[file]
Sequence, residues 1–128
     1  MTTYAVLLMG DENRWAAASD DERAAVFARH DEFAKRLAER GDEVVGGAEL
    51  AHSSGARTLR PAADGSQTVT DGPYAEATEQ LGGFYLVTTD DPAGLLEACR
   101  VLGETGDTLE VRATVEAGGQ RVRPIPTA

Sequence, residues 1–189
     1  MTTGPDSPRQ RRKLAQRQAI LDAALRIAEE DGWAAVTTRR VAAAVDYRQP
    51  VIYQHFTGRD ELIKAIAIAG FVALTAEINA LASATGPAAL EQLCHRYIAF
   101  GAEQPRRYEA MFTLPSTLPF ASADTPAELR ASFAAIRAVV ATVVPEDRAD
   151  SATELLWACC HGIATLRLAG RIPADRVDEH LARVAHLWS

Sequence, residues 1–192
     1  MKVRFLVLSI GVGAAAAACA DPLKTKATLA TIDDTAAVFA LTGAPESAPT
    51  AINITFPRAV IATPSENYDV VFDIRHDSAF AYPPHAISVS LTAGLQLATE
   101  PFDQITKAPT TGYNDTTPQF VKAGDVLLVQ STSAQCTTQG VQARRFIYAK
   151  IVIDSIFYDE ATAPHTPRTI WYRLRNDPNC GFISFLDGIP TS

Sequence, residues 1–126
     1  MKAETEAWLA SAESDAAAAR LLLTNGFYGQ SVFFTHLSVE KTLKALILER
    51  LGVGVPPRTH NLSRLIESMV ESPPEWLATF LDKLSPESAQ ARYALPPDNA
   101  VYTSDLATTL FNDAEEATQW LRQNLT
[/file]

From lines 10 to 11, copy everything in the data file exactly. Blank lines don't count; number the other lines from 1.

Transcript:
Sequence, residues 1–192
     1  MKVRFLVLSI GVGAAAAACA DPLKTKATLA TIDDTAAVFA LTGAPESAPT